Artist Impression of Future Airport – Image: Lockheed-California Company
I have always been a fan of all things esoteric, the unique, and perhaps even the underdog. Engineering oddities fascinated me from a young age; if it was different or somewhat outlandish, I was hooked. For that reason, it’s probably no surprise to many people that the aircraft I adore more than all others (yes, even more than Concorde) is the Lockheed L-1011 TriStar.
The L-1011 prototype after completing her first flight on November 16, 1970 – Photo: Jon Proctor
However, I can take things a step further, because for me, this is more than an aircraft; it represents the engineering prowess of hundreds of engineers – one of whom I happened to know very well. A man who was lucky enough to spend a lifetime in aviation working for some of the most storied aeronautical firms in history, such as Avro Canada (later Hawker Siddeley), Convair, De Havilland Canada, and Lockheed. Prior to his death in 2013, this engineer described the L-1011 as his “magnum opus”, his greatest achievement as an engineer and the work that he was most proud of.
Lockheed L1011 Tristar, KC 1; ZD950; callsign “FAGIN 12”. Backtracking along the main runway, alongside ZD948 “FAGIN 11” – Photo: Graham Dinsdale
This story was written by Graham Dinsdale, of Ian Allan Aviation Tours in England, for AirlineReporter…
04:00 GMT (Greenwich Mean Time); my bedside alarm clock shatters the silence and causes my wife to stir; at last, I thought, keen to get started on what promised to be an awesome – but very sad – day. I had dozed the night away, my brain too active to shut down and allow me to get any sleep. I had reasons for my lack of sleep – I was to fly on a Royal Air Force (RAF) Lockheed L1011 Tristar in formation!
After the usual morning routine I was out the door by 4:30 a.m., and starting my car for the two-and-a-half hour drive across the countryside of Cambridgeshire, Northamptonshire, and Oxfordshire to the RAF’s huge air transport base at RAF Brize Norton. I anticipated possible delays due to dense fog and mist covering most of the route, and the morning rush-hour road traffic around the university town of Oxford didn’t help, so I allowed plenty of time to get to the rendezvous point: an off-base car park a quarter of a mile from the station’s main gate.
For those not familiar with British nomenclature, the RAF have “stations” not “air bases!” The fog and road traffic was not as bad as the internet advised, so I arrive early, at 6:25. Time to open up the flask of coffee and munch a biscuit. Over the next 90 minutes more and more of the invited media, and some very lucky aviation enthusiasts, arrived.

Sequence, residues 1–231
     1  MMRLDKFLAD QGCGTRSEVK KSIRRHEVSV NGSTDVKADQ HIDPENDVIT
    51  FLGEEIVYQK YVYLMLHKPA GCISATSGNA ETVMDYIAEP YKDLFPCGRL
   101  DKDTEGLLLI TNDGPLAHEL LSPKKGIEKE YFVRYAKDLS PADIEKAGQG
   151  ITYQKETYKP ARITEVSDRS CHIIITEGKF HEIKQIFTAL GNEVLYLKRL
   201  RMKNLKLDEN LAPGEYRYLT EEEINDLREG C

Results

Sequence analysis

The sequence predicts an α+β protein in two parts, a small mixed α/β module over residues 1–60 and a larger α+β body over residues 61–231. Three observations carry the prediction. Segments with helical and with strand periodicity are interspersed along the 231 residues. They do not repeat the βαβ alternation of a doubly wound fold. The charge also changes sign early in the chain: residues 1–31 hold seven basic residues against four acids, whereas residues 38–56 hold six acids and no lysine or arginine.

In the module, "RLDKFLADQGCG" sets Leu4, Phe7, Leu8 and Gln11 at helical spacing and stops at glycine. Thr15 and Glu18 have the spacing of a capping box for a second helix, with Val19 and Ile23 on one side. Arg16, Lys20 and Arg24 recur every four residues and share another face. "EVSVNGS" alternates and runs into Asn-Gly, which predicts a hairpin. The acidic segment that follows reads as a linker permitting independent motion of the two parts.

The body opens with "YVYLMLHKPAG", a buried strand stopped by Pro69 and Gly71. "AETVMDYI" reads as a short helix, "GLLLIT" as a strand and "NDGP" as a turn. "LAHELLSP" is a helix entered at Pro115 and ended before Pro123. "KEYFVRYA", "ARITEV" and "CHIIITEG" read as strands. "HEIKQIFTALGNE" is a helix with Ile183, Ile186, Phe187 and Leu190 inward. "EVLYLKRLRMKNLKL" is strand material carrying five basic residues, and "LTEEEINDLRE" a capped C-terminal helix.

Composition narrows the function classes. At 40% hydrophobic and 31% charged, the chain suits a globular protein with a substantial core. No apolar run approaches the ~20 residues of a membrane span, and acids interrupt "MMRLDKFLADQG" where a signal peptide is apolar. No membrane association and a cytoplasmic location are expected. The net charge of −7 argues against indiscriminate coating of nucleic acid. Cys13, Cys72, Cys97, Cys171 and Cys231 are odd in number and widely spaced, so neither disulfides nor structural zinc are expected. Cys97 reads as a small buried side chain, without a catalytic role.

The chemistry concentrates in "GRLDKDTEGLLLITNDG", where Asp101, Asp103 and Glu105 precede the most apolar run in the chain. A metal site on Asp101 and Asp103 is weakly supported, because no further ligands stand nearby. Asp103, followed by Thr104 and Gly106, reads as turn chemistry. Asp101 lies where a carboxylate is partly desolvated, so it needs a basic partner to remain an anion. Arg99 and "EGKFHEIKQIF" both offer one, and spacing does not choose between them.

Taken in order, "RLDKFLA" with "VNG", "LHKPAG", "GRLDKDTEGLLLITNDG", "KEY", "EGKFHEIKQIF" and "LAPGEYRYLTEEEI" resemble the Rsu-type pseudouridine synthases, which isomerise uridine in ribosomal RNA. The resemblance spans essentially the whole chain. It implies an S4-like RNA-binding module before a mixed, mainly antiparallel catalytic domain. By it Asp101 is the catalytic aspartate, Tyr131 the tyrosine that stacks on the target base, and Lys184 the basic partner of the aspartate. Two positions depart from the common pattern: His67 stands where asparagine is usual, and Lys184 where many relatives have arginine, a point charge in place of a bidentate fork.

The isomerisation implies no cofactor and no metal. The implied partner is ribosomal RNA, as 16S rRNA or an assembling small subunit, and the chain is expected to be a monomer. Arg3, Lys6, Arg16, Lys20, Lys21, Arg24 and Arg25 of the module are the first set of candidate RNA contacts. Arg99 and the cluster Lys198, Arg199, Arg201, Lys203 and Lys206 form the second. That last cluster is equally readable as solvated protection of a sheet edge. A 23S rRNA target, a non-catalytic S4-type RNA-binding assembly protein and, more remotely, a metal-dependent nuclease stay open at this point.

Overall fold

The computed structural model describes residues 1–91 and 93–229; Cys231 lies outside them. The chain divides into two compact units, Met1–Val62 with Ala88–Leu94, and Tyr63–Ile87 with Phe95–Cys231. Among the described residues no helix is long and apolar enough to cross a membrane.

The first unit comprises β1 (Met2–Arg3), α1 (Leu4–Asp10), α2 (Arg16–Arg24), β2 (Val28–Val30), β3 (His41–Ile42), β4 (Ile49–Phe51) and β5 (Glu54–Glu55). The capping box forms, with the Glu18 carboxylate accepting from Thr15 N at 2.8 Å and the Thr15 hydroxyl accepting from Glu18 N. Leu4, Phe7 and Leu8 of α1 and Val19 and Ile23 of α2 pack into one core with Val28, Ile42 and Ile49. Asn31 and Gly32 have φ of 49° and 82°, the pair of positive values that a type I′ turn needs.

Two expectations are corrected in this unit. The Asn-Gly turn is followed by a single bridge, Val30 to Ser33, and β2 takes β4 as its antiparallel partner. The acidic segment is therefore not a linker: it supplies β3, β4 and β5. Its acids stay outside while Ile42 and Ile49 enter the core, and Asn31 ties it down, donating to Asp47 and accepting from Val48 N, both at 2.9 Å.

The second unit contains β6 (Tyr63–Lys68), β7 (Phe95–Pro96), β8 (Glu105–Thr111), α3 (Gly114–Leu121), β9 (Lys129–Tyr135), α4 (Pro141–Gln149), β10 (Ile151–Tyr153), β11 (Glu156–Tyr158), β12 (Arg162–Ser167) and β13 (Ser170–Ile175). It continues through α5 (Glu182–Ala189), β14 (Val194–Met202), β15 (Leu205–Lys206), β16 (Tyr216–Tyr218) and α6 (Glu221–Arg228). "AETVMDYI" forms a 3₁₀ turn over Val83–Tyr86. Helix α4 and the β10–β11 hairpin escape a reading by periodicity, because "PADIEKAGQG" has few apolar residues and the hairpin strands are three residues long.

The twilight of the L1011 – refueling US Navy aircraft as part of Operation Enduring Freedom Photo: US Navy by Cmdr. Erik Etz
While 2014 may have been the end of commercial DC-10 services, many forget that the RAF (Royal Air Force) has been operating Lockheed L1011s (called “TriStars” in their parlance) as air-to-air refueling aircraft. Unfortunately for trijet enthusiasts, today marks the end of their service in the RAF. Even worse, they will be broken up in Bruntingthorpe.
As the resident Trijet Enthusiast – I was hoping for a little more notice from the RAF as to when the last RAF Tristar flight would happen. Thankfully, we have someone else who will be able to take the last flight and produce a fine report for AirlineReporter. As we await that final dispatch, let’s take a look back at the L1011 – an historical aircraft that even could have changed the pace of the Cold War.
I bet most people thought this was a joke! Photo: Chris Sloan | Airchive.com
The 1970s were a time of economic malaise for the west. Weirdly, the Soviet Union was chugging along at its own egregious and bizarre pace, and Soviet air travel needs had never been more pressing. Millions of Warsaw Pact and Soviet citizens needed to shuttle around the Iron living room. In fact, Aeroflot celebrated its hundred-millionth-passenger year in 1976. This called for larger aircraft. Engine technology issues were holding up Ilyushin’s domestic design, which we now know as the mostly-extinct IL-86.
The program to which the IL-86 stemmed from was formally known as the “aerobus”. The IL-86 was not supposed to be the only aircraft of the family of short, medium, and long-haul indigenous widebody aircraft.
Believe it or not, Tupolev almost built a similar aircraft (but widebody) to the Dassault Mercure. Photo: Alain Durand
Tupolev had stepped up to offer the Tu-184, an aircraft that was similar to a twin-aisle Dassault Mercure. Thankfully, at the time of its inception Andre Tupolev was still alive. He took one look at it and decided that the company should not waste any resources on what he was sure would be nothing but a reputation-wrecking disaster. Not that Tupolev was immune to civil aviation failures, they are simply beyond the scope of this article. They were also, usually, swept under the rug and blamed on Myashischev (a competing design bureau).